The prospect that large sections of South Africa’s showcase city, famously perched near two oceans, might go without running water has induced anxiety as well as resolve among its nearly 4 million residents. This would be the world’s first major city to go dry.
CAPE TOWN, South Africa — Long lines of South Africans collect water daily from a natural spring pipeline in an upscale suburb of Cape Town, illustrating the harsh impact of a drought that authorities say could force the closure of most taps in the country’s second-largest city in just over two months, an occasion ominously known as “Day Zero.”
The prospect that large sections of South Africa’s showcase city, famously perched near two oceans, might go without running water has induced anxiety as well as resolve among its nearly 4 million residents. It has attracted scrutiny from scientists and city managers worldwide who also face the dual challenge of ballooning populations and shrinking resources. This would be the world’s first major city to go dry.
“There are a lot of people who have been in denial and now they suddenly realize this is for real,” said Shirley Curry, who waited to fill a plastic container with spring water from one of several taps outside a South African Breweries facility in the Newlands suburb.
Security guards made sure people took only an allotted amount (25 liters maximum in one line and 15 liters in another “express” line). However, things were more freewheeling at a nearby spring water source with no oversight. Mayor Patricia de Lille this month threatened to fine those who use too much water and said the city can no longer ask people to comply: “We must force them.”
Most Read Nation & World Stories
- A Chicago man died after the family took him off life support. Then he walked through the door.
- As he plans July Fourth gala, Trump still owes $7 million in inauguration costs to D.C.
- Severed head of prehistoric wolf found in Siberia, perfectly preserved
- Court's conservatives overturn precedent; liberals ask 'which cases the court will overrule next'
- Snake stows away in bag for trip to Hawaii from Florida
The spectacle of people scrounging for water could become more common as “Day Zero” approaches in Cape Town, whose natural beauty has made it a coveted spot for international visitors. While the city urges people to restrict water usage, many living in poor areas already have limited access to water. They use communal taps in gritty neighborhoods such as Blue Downs on the Cape Flats, where people washed clothes outside and carried buckets of water to shack dwellings on a recent afternoon.
Cape Town’s leaders have instructed residents to use only 50 liters of water daily from Feb. 1, down from the current 87-liter limit. “Day Zero” is projected to arrive on April 12 but some fear it could come sooner, while others hope it won’t happen if rationing works and rains eventually come.
If “Day Zero” arrives, many people would have to go to collection points for a daily ration of 25 liters. Taps would continue to run in hospitals and provisions would be made for schools, some of which can pump water from boreholes. Communal taps in poor areas known as informal settlements likely would run to avoid the threat of disease. Some central and downtown areas could be exempt from the cutoff for the sake of tourism and business.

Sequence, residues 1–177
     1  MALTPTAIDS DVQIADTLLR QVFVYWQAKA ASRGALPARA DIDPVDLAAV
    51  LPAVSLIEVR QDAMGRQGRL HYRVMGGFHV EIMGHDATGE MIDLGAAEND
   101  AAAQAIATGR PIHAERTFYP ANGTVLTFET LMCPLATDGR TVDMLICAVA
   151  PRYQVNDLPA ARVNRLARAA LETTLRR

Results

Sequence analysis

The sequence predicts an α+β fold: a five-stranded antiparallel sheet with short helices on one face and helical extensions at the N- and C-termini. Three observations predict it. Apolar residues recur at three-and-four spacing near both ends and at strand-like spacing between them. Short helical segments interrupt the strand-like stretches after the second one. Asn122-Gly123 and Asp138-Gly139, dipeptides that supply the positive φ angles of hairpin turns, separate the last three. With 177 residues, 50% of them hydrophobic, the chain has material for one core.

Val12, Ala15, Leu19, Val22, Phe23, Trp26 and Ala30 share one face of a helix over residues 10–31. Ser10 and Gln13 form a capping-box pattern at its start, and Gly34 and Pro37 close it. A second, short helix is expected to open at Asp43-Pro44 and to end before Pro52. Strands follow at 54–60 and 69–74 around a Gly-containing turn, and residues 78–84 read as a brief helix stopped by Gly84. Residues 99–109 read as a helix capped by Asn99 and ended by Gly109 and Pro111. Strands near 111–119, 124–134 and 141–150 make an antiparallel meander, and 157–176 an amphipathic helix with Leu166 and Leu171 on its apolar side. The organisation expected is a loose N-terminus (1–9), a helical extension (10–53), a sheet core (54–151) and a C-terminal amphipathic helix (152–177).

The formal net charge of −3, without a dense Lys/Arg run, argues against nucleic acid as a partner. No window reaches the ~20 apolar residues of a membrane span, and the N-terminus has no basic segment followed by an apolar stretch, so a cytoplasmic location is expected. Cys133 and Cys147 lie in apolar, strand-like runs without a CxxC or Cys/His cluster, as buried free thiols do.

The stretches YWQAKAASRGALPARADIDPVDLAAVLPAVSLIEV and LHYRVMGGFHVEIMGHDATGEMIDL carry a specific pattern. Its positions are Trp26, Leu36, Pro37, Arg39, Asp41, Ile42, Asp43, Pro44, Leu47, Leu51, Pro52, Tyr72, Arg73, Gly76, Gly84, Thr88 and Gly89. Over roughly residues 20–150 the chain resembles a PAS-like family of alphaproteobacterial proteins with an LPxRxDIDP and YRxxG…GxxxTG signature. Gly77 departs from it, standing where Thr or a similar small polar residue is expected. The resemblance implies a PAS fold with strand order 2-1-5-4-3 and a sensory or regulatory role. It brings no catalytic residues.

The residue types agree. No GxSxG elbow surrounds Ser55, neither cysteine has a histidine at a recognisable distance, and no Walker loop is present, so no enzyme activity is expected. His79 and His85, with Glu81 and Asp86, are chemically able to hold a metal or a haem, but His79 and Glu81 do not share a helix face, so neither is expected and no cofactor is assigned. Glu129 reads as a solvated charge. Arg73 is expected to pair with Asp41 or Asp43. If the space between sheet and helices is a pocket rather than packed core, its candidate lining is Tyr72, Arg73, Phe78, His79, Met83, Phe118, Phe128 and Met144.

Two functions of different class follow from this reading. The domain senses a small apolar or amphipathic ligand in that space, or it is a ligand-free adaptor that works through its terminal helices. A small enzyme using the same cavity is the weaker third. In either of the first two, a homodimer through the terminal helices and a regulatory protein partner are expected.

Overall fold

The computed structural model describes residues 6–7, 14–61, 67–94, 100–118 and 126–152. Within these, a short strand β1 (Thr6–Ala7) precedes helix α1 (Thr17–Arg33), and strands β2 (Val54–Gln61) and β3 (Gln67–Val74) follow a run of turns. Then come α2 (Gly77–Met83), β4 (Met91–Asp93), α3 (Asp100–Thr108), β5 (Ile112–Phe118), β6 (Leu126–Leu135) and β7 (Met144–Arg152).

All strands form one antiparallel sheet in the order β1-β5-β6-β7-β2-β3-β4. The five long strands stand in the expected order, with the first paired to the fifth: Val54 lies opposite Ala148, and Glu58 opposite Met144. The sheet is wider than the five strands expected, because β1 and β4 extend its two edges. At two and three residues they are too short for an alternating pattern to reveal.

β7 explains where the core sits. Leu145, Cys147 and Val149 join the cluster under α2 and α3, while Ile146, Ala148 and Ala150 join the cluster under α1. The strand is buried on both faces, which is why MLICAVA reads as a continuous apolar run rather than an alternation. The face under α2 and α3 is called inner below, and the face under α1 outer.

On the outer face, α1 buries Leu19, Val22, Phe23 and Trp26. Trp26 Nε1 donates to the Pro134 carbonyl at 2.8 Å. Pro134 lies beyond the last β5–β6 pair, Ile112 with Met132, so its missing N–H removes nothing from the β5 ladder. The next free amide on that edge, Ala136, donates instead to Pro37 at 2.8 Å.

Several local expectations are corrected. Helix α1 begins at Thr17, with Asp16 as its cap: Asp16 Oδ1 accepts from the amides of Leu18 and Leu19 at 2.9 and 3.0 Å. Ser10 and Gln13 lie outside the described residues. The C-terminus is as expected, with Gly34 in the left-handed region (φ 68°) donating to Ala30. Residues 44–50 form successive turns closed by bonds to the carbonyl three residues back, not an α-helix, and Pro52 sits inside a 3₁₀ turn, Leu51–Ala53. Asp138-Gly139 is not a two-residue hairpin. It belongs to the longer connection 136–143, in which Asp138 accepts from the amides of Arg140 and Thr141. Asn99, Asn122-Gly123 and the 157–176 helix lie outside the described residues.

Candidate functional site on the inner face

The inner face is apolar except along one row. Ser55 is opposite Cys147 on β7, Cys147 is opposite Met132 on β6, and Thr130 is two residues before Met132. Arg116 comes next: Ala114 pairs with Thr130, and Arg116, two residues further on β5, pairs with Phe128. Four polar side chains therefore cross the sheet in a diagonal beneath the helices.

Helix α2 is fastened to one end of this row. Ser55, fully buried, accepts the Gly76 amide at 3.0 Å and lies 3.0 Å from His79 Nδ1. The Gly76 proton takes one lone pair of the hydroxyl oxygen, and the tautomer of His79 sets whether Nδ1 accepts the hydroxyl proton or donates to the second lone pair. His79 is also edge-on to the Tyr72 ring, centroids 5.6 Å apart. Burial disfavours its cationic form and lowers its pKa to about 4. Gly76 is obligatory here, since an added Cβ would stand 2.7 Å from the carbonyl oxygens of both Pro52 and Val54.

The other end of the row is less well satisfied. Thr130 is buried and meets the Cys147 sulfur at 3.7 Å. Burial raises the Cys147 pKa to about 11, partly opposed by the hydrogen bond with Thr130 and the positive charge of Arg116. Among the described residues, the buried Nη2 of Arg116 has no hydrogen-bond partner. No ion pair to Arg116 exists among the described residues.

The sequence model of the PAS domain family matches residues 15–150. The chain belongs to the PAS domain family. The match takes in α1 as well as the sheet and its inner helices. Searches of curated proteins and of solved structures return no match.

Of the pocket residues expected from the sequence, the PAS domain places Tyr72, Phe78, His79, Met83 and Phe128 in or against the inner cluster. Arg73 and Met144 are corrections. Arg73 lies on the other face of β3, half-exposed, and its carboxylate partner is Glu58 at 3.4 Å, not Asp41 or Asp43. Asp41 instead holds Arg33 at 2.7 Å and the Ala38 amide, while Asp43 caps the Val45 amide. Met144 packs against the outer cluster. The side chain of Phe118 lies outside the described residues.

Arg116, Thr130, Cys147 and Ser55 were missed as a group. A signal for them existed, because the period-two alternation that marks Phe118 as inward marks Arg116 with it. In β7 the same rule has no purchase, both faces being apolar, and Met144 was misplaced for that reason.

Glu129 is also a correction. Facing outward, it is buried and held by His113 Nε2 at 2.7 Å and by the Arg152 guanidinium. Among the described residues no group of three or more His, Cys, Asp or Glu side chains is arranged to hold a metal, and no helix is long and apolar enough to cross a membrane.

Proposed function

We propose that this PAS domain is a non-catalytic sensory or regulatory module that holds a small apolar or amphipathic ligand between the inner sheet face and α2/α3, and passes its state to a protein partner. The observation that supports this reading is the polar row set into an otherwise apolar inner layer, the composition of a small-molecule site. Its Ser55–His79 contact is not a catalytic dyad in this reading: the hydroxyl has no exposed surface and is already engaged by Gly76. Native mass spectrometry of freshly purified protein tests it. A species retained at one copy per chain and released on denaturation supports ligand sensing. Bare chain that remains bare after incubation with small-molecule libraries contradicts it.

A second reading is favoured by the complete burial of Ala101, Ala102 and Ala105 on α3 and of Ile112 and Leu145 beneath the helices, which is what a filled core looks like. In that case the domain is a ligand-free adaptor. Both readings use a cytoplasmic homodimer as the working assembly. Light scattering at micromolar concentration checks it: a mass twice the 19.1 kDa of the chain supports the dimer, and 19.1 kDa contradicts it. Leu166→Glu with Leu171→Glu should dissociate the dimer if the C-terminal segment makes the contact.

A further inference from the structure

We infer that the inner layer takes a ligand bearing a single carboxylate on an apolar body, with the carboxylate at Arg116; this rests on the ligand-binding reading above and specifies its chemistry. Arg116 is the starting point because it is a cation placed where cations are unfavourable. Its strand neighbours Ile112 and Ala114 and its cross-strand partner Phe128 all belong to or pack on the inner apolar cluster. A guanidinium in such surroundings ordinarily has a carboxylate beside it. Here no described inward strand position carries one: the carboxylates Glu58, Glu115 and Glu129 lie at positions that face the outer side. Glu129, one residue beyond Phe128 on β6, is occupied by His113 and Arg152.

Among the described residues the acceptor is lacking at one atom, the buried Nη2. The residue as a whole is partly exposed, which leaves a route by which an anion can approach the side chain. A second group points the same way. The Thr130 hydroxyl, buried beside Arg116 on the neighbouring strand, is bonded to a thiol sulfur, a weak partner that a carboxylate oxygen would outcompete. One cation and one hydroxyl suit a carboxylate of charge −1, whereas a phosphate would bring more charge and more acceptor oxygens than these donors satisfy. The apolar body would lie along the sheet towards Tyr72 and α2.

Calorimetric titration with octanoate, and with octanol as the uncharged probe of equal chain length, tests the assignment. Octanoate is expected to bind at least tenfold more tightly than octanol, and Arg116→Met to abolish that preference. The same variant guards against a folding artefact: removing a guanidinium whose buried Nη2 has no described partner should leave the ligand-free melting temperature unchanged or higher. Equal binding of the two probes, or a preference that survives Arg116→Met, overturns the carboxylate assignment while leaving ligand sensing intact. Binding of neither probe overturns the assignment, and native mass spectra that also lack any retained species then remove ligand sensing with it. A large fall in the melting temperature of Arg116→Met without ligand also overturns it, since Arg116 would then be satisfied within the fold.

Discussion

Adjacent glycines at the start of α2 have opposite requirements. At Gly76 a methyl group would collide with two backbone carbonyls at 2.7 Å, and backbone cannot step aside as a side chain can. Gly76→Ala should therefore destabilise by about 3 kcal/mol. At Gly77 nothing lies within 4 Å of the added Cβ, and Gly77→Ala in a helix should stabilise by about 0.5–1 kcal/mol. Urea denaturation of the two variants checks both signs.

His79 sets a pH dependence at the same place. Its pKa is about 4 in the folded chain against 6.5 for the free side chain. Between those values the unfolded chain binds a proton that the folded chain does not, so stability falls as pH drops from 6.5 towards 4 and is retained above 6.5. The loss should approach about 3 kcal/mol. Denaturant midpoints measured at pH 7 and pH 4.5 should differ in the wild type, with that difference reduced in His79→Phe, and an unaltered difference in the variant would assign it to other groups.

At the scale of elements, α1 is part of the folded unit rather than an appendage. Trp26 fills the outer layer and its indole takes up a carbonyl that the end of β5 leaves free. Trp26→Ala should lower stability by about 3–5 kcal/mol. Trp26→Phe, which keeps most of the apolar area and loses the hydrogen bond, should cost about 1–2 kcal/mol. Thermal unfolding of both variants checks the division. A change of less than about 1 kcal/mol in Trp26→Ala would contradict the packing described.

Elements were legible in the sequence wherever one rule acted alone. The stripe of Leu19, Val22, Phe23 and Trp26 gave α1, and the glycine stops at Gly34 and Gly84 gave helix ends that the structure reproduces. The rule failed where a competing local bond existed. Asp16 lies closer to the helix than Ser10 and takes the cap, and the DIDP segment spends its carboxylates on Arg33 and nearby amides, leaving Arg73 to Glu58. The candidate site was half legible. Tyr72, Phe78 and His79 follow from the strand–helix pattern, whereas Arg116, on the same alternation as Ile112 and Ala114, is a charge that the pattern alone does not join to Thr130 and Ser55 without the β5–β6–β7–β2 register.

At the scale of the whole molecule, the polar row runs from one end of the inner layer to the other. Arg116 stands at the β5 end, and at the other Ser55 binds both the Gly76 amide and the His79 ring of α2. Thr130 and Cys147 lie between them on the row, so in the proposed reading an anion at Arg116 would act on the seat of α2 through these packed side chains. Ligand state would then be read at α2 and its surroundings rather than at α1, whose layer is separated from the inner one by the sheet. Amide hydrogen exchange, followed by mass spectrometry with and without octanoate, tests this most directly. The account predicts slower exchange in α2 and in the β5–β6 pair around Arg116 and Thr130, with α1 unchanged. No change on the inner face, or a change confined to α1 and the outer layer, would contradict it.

While tourists are still welcome, tourism authorities urge them to flush the toilet as little as possible and “take a dip in the ocean instead of swimming pools, and maybe even spare yourself a shower.”
The water crisis is propelling Cape Town into the unknown, but the causes have been brewing for a while. Since around the end of white minority rule in 1994, the population has soared by about 80 percent, straining municipal infrastructure. Meanwhile, the region has endured several years of drought. Scientists at the University of Cape Town say man-made global warming may have contributed to the severe weather, and that similar droughts could be more common in the future.
The average level of reservoirs that are Cape Town’s main source of water is currently about 27 percent, but the final 10 percent is considered unusable because of mud, weeds and debris at the bottom. Some residents are already complaining that silt in tap water makes it undrinkable. The city says it would have to turn off most taps if the average reservoir level falls below 13.5 percent.
Theewaterskloof Dam, whose reservoir was once the city’s biggest provider, is a startling sight. Large areas consist of sand and cracked earth. Boats used to moor against tires embedded in a wall near a yacht club, but now the water line is so low that the clubhouse is far from the dwindling lake.
“This is a natural disaster of immense proportions,” said Mmusi Maimane, leader of the Democratic Alliance, an opposition party that runs Cape Town and the surrounding Western Cape province.
The party says the national government, run by the ruling African National Congress party, has failed to deliver water to all municipalities as required by law. Nomvula Mokonyane, the water and sanitation minister, counters that the city should do more to crack down on people using too much water.
For now, Cape Town residents are advised to limit showers to fewer than 90 seconds and use a bucket to collect the runoff and flush the toilet.
Noel Borman, a resident collecting water, was asked about “Day Zero,” if it comes.
“I don’t even want to be here,” he said.